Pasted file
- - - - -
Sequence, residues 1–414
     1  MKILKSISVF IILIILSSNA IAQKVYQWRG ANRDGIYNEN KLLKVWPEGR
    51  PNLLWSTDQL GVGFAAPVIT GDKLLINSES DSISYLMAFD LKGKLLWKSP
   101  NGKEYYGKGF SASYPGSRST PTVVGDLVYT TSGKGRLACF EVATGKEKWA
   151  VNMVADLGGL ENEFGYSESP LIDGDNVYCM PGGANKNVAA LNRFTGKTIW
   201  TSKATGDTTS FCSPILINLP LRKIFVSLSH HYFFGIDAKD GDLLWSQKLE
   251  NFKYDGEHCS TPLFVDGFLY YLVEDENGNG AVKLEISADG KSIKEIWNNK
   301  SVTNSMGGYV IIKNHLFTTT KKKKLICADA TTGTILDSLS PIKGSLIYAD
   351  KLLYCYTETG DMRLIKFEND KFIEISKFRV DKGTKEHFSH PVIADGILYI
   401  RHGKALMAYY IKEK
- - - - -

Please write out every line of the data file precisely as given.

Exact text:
Sequence, residues 1–414
     1  MKILKSISVF IILIILSSNA IAQKVYQWRG ANRDGIYNEN KLLKVWPEGR
    51  PNLLWSTDQL GVGFAAPVIT GDKLLINSES DSISYLMAFD LKGKLLWKSP
   101  NGKEYYGKGF SASYPGSRST PTVVGDLVYT TSGKGRLACF EVATGKEKWA
   151  VNMVADLGGL ENEFGYSESP LIDGDNVYCM PGGANKNVAA LNRFTGKTIW
   201  TSKATGDTTS FCSPILINLP LRKIFVSLSH HYFFGIDAKD GDLLWSQKLE
   251  NFKYDGEHCS TPLFVDGFLY YLVEDENGNG AVKLEISADG KSIKEIWNNK
   301  SVTNSMGGYV IIKNHLFTTT KKKKLICADA TTGTILDSLS PIKGSLIYAD
   351  KLLYCYTETG DMRLIKFEND KFIEISKFRV DKGTKEHFSH PVIADGILYI
   401  RHGKALMAYY IKEK